Some Docs Resist Repeal Of Bush-Era Abortion Regs

Doctors who oppose abortion and, in some cases, birth control pills say they may stop providing care if the Obama administration follows through on threats to repeal controversial Bush administration regulations aimed at allowing health care workers to refuse to provide care that conflicts with their beliefs. Opponents of the rules point out that those health care workers have plenty of other protections to fall back on.

According to a survey conducted for the Christian Medical Association, "90 percent of those surveyed said they will quit their practices before violating their conscience," said David Stevens, the group's executive director. Repealing the rules, which officially took effect on former President Bush's final day in office, said Stevens, "sends a clear message: It's open season on health care professionals of conscience — discriminate at will."

But not so fast, says Nancy Berlinger, deputy director of the Hastings Center, a bioethics think tank in Garrison, N.Y. "Conscience clauses are on the books in almost every state," she said, in addition to being codified in a series of federal laws.

Most date back to the early 1970s, after the Supreme Court legalized abortion in the landmark ruling Roe v. Wade.

"The idea was that when abortion moved from being an illegal procedure, therefore something that you did not offer in a hospital, to being a legal procedure, therefore something that you might offer in a hospital, there was a move to protect providers — usually framed as physicians, but sometimes they're more generally written — from having to participate in abortions," Berlinger said.

But conscience laws are not always abortion-specific. Many reference sterilization; some are silent, allowing practitioners to exercise their right to opt out of providing sometimes controversial end-of-life care, in vitro fertilization, or even some birth control pills that some practitioners insist cause very early abortions by preventing fertilized eggs from implanting in a woman's uterus.

Joxel Garcia, who was assistant secretary for health in the Bush administration and helped write the regulations now at issue, said they're needed because so few health workers even know that protections exist. He didn't, he said, when he was applying to be a medical resident in obstetrics and gynecology in the late 1980s and was told point-blank not to apply to certain programs if he wouldn't do abortions.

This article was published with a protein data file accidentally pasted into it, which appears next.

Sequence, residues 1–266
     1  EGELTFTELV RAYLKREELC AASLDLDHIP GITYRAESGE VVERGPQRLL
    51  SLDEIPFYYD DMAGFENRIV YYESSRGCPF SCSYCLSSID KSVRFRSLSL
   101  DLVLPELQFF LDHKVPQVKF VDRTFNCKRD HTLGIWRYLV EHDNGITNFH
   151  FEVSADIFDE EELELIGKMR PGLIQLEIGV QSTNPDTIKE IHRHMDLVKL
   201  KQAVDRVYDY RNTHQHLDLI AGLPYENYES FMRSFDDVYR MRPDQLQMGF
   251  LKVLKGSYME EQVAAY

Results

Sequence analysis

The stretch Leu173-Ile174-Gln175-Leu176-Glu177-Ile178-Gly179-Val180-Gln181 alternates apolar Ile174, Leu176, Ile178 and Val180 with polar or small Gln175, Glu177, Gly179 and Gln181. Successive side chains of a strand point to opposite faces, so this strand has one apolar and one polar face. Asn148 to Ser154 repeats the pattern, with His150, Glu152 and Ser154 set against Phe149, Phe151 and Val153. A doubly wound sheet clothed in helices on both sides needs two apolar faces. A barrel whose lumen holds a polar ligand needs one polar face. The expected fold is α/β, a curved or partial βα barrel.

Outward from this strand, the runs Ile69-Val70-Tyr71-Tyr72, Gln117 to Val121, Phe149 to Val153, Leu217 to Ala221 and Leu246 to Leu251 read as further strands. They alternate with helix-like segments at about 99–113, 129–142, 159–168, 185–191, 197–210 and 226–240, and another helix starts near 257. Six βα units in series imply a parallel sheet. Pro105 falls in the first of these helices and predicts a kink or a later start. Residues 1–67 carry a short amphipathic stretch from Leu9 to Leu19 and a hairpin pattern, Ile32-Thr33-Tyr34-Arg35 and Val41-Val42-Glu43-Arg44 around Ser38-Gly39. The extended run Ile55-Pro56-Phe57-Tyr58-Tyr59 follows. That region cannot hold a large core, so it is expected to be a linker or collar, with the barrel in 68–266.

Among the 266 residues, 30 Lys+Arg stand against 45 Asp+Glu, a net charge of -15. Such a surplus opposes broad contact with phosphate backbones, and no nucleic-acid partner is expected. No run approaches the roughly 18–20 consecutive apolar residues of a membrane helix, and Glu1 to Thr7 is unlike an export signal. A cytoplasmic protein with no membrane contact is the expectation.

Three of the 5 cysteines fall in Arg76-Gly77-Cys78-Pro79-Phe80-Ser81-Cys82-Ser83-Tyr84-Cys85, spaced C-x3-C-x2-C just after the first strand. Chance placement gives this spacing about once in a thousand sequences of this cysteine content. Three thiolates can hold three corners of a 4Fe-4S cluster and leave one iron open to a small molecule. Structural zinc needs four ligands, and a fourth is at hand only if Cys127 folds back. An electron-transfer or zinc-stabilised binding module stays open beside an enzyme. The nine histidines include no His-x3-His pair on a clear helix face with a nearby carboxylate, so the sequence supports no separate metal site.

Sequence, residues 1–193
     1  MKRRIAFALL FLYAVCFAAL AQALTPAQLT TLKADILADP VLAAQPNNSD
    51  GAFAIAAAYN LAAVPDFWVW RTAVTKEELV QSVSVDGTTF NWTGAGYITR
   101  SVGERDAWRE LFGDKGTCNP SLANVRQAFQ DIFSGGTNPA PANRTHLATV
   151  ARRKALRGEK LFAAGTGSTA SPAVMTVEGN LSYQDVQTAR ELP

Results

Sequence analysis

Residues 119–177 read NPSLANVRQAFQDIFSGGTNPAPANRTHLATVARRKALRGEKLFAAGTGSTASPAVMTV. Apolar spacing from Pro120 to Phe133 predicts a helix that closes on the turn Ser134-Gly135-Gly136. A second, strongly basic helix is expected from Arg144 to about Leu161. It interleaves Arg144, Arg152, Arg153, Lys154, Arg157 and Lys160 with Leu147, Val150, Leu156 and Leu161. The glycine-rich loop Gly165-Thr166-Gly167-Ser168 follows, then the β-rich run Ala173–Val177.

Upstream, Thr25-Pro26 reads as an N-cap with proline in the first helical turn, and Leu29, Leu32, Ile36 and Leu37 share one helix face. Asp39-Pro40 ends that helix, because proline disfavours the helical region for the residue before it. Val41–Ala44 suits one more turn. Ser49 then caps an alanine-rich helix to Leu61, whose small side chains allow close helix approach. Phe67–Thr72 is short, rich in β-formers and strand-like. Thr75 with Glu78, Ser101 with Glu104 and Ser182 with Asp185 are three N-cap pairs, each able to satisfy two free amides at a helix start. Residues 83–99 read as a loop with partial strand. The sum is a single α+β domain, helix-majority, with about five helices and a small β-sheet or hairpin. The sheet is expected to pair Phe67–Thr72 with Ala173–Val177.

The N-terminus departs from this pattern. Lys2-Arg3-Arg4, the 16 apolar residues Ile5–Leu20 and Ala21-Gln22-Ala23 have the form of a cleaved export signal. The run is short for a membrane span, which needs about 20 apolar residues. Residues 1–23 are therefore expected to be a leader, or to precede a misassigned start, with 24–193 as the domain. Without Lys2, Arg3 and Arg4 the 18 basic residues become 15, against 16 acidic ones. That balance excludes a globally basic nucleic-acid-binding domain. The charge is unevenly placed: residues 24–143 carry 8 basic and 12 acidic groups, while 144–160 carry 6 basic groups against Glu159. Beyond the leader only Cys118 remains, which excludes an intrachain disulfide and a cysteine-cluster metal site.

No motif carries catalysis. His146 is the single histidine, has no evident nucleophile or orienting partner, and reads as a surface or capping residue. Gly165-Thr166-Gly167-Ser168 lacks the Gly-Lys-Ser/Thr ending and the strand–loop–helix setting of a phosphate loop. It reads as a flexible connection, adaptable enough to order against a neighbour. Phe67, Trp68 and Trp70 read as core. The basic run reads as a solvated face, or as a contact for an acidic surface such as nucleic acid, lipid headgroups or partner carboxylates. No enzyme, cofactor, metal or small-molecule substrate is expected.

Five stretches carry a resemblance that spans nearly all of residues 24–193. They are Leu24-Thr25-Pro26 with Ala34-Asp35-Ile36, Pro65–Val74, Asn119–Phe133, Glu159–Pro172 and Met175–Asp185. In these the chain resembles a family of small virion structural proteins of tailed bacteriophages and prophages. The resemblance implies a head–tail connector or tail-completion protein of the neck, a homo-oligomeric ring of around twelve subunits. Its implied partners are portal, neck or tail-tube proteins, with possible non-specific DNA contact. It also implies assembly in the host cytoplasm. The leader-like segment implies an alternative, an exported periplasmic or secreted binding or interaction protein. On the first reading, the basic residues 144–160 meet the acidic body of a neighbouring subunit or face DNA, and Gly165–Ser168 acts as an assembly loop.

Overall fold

"I didn't know at that time that those facilities that were receiving federal funds were not supposed to discriminate against me because I did not perform terminations of pregnancy or abortions," he said.

Garcia also said the regulations give health care workers "a mechanism to seek help" through the Department of Health and Human Services.

But Berlinger, like many other opponents of the rules, thinks they are so vague that they would let any health worker object to providing any service at any time for any reason — even reasons that don't necessarily stand up to scientific scrutiny.

"Words like belief," she said, "when you talk about them in the context of health care, aren't just anything you might think of. They have to be defensible. And a false belief about science or the promotion of ambiguity where things can be disambiguated," as in the idea that birth control is equal to abortion, "is not ethical."

All of which puts the Obama administration in a tight spot. President Obama has been eager to find a middle ground in the touchy abortion debate. Administration officials can try to rewrite the rules, which will undoubtedly anger abortion-rights and other women's health groups. Or they can repeal them, which will anger anti-abortion groups.

A decision is expected later this summer.

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